Friday, July 26, 2013

Pacific Rim: Del Toro's Monster Mash

Guillermo Del Toro has proven himself to be a master of fantasy films with movies like Hellboy & Pan’s Labyrinth. Now he tackles the kaiju (giant monster) genre with Pacific Rim. It’s the near future, and monsters have emerged from a rift beneath the ocean, attacking cities across the world. To stop the destruction and defeat the monsters, Earth’s countries band together and build robots called Jaegers to fight the creatures. Each machine requires two pilots, telepathically linked, to operate the robot. For a while, the program is successful. But increasing numbers of monsters are emerging from the rift and we can’t hold them back.

The Jaeger program is going to be shut down in favor of building a wall to contain the creatures. Stacker Pentecost (Idris Elba) the commander of the Jaeger forces, argues against this plan; he wants to make a final all-out assault on the creatures, and try to close the rift. He brings back Raleigh Becket (Charlie Hunnam, Sons of Anarchy) who lost his brother fighting the monsters, to help. As Pentecost marshals his forces, more facts about the creatures begin to come to light, thanks to a couple of scientists working on the project. Will the tough as nails pilots be able to get along and work together to fight the monsters? Will Mako (Rinko Kikuchi) Pentecost’s protégé, be Becket’s new co-pilot? And what does the fact that larger numbers of monsters are coming through the rift mean?

There’s not much new or groundbreaking in the characters, which are what you’d expect in this kind of film. We’re talking Saturday matinee & drive-in archetypes here, but the actors are good, and the film has more of a human element than most movies of this type. Elba, best known for the BBC series Luther, is very good, as is Ron Perlman (a Del Toro regular) as dealer who sells monster parts on the black market. There are a couple of twists to the plot, with Del Toro’s penchant for combining & mashing up genres fully in evidence. There are elements of fighter pilot movies, monster films, and end of the world sci-fi flicks all mixed together. You’re not seeing a movie like this for world class drama, but it delivers on what it promises.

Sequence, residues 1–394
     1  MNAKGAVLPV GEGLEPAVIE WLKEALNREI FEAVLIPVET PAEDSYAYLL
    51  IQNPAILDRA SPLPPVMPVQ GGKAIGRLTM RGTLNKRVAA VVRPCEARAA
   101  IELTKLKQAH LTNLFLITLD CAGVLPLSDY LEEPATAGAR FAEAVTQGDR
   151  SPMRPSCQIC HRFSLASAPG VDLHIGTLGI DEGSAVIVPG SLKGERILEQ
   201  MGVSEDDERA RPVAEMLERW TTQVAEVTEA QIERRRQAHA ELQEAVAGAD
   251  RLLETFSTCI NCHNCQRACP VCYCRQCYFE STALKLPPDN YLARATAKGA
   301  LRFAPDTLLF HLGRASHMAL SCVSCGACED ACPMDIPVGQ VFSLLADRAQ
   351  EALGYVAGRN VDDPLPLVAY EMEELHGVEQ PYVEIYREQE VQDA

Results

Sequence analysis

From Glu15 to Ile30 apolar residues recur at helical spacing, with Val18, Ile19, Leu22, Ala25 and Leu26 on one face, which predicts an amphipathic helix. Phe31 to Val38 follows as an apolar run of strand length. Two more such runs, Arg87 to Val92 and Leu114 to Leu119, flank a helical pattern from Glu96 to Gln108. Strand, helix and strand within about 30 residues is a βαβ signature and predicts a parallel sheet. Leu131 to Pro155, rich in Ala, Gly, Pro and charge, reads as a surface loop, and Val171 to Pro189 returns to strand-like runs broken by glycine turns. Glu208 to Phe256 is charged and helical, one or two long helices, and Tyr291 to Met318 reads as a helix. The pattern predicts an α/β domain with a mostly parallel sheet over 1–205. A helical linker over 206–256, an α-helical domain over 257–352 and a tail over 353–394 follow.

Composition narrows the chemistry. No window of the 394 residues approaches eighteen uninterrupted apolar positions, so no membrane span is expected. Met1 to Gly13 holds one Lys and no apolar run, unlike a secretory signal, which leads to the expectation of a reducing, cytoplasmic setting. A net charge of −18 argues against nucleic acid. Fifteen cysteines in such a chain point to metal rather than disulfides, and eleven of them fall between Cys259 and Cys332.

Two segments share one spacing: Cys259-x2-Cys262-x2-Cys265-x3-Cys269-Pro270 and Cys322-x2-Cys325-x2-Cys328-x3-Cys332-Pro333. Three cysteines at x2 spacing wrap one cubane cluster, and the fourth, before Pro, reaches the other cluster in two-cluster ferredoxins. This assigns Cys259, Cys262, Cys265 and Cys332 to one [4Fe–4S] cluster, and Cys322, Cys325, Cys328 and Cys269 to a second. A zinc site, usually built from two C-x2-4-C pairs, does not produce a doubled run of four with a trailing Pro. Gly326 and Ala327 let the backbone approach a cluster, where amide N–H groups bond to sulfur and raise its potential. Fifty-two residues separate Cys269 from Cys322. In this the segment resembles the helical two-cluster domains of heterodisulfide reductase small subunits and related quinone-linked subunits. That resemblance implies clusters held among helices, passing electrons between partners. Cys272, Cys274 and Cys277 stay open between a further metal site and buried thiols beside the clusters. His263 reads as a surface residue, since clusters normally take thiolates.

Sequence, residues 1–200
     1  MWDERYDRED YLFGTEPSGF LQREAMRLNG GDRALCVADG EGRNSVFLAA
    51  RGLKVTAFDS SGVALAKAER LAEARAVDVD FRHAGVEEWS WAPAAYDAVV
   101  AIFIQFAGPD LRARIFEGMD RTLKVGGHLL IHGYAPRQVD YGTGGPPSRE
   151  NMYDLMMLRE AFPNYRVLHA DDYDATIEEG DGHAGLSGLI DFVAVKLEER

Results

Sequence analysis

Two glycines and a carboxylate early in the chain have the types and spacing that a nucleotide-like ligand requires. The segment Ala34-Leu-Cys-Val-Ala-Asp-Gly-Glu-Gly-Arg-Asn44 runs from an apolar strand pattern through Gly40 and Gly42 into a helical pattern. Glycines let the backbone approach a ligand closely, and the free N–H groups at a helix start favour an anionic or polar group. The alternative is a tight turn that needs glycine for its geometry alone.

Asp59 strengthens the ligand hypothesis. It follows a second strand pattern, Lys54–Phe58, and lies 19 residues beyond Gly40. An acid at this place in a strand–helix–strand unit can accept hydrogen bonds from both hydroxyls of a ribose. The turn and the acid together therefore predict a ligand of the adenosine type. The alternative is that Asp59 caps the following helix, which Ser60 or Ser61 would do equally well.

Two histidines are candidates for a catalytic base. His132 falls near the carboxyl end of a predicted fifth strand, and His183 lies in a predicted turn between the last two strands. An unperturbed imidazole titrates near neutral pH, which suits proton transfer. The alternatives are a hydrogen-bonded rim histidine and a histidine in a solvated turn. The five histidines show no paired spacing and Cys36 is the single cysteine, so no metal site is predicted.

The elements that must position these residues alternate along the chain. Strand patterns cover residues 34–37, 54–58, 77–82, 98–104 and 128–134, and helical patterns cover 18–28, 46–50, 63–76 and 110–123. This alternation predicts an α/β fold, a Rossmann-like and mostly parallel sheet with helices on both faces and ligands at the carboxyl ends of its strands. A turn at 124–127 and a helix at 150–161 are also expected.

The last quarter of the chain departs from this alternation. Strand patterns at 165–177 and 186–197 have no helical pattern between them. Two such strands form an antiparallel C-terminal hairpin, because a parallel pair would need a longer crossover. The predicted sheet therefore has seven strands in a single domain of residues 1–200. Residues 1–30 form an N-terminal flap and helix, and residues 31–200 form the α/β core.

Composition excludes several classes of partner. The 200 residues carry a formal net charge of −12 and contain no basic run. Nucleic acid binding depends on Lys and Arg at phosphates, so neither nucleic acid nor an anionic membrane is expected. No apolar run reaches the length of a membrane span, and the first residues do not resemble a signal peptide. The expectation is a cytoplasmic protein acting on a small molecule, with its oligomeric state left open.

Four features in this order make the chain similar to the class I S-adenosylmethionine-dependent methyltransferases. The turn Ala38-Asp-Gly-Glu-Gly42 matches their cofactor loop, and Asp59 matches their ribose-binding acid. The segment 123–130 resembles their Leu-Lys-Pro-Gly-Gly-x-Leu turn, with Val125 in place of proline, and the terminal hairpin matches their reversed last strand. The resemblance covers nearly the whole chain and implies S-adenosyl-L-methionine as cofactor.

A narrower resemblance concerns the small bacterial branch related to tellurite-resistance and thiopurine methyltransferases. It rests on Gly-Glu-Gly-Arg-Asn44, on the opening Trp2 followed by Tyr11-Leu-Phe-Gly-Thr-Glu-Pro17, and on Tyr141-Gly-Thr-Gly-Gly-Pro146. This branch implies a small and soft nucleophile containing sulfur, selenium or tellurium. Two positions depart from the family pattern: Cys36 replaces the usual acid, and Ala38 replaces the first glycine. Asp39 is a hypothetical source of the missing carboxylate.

If you’re a Japanese monster fan, there are a couple of intense battle sequences that will delight & amaze you. Del Toro and his crew neatly capture the feel, look & style of Japanese monster films, especially those released in the 70s and 80s. The creature designs pay homage to the ones we saw in those flicks on Saturday afternoon or late-night TV when we were growing up. The only thing missing is that the creatures don’t quite have the distinct personalities of Godzilla, Rodan, Mothra and friends; they’re all kind of big, nasty (though still impressive) creatures. But if you let the ten-year-old monster fan inside you out, you’ll have a good time. Pacific Rim is currently in theaters: I saw the film in 2D, but it's also in release in 3D and IMAX; here’s a link to the film’s trailer:

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